After much experimentation, Mattheij rewrote the software (several times in fact) to accomplish a variety of basic tasks. At its core, the system takes images from a webcam and feeds them to a neural network to do the classification. Of course, the neural net needs to be "trained" by showing it lots of images, and telling it what those images represent. Mattheij's breakthrough was allowing the machine to effectively train itself, with guidance: Running pieces through allows the system to take its own photos, make a guess, and build on that guess. As long as Mattheij corrects the incorrect guesses, he ends up with a decent (and self-reinforcing) corpus of training data. As the machine continues running, it can rack up more training, allowing it to recognize a broad variety of pieces on the fly.

Here's another video, focusing on how the pieces move on conveyer belts (running at slow speed so puny humans can follow). You can also see the air jets in action:

In an email interview, Mattheij told Mental Floss that the system currently sorts LEGO bricks into more than 50 categories. It can also be run in a color-sorting mode to bin the parts across 12 color groups. (Thus at present you'd likely do a two-pass sort on the bricks: once for shape, then a separate pass for color.) He continues to refine the system, with a focus on making its recognition abilities faster. At some point down the line, he plans to make the software portion open source. You're on your own as far as building conveyer belts, bins, and so forth.

Check out Mattheij's writeup in two parts for more information. It starts with an overview of the story, followed up with a deep dive on the software. He's also tweeting about the project (among other things). And if you look around a bit, you'll find bulk LEGO brick auctions online—it's definitely a thing!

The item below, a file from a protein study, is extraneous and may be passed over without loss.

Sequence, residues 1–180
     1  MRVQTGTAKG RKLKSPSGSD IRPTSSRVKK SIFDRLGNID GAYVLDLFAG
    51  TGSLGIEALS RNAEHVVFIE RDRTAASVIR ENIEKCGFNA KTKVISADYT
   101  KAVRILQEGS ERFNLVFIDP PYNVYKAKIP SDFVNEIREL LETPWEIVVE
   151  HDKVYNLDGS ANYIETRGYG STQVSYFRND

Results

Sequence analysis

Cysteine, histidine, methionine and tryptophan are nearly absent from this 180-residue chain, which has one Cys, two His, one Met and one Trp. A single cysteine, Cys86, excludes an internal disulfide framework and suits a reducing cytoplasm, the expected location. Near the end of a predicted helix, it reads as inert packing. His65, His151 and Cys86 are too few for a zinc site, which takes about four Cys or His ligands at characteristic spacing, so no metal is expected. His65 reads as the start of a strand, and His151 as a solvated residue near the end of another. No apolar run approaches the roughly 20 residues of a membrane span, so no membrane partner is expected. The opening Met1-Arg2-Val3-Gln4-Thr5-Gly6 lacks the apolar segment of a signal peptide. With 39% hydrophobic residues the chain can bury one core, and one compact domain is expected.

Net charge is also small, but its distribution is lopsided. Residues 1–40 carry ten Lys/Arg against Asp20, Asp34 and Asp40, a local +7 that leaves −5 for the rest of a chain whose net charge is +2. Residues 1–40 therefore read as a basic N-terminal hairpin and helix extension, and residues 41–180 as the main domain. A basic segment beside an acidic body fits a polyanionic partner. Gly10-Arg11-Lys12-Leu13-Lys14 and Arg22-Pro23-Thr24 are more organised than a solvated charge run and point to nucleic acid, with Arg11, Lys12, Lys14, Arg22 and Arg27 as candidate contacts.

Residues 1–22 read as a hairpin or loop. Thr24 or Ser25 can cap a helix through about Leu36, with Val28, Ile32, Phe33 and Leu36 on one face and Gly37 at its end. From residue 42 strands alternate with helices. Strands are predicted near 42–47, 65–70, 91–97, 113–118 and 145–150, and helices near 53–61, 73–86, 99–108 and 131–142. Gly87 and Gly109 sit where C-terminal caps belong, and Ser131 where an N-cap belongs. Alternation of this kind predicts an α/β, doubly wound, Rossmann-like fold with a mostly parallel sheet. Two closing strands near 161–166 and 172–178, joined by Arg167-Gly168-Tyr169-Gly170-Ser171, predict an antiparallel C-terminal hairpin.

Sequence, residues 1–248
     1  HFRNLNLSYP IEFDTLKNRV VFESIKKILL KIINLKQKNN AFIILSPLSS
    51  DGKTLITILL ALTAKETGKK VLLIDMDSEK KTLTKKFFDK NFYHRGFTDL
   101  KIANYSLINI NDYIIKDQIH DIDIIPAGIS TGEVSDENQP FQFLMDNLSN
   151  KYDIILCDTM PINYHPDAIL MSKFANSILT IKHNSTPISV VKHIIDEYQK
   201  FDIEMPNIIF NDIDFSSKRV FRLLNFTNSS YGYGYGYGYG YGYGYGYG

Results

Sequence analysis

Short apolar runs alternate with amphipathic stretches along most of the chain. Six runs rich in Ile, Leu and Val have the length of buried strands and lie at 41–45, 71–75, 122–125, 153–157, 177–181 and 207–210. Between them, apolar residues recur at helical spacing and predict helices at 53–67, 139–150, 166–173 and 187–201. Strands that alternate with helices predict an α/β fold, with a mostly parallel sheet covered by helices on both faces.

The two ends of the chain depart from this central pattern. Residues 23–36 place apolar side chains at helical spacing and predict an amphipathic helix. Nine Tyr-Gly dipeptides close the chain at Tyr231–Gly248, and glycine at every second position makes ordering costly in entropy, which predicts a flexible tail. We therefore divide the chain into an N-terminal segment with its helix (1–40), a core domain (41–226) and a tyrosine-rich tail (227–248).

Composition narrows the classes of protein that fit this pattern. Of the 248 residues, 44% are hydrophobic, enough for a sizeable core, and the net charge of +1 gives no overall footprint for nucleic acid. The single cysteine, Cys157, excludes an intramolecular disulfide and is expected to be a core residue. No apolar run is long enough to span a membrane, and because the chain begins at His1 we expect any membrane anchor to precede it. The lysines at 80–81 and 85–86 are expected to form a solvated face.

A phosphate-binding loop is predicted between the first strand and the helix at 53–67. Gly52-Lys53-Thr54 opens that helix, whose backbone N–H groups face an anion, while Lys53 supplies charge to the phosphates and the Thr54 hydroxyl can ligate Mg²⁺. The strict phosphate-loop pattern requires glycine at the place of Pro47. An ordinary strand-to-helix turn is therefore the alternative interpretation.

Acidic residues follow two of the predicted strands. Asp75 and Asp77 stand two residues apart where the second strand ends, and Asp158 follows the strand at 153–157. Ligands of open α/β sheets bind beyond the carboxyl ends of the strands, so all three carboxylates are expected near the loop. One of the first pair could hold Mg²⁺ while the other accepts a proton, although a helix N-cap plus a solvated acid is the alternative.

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Nick Briggs/Comic Relief
What Happened to Jamie and Aurelia From Love Actually?
May 26, 2017
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Nick Briggs/Comic Relief

Fans of the romantic-comedy Love Actually recently got a bonus reunion in the form of Red Nose Day Actually, a short charity special that gave audiences a peek at where their favorite characters ended up almost 15 years later.

One of the most improbable pairings from the original film was between Jamie (Colin Firth) and Aurelia (Lúcia Moniz), who fell in love despite almost no shared vocabulary. Jamie is English, and Aurelia is Portuguese, and they know just enough of each other’s native tongues for Jamie to propose and Aurelia to accept.

A decade and a half on, they have both improved their knowledge of each other’s languages—if not perfectly, in Jamie’s case. But apparently, their love is much stronger than his grasp on Portuguese grammar, because they’ve got three bilingual kids and another on the way. (And still enjoy having important romantic moments in the car.)

In 2015, Love Actually script editor Emma Freud revealed via Twitter what happened between Karen and Harry (Emma Thompson and Alan Rickman, who passed away last year). Most of the other couples get happy endings in the short—even if Hugh Grant's character hasn't gotten any better at dancing.

[h/t TV Guide]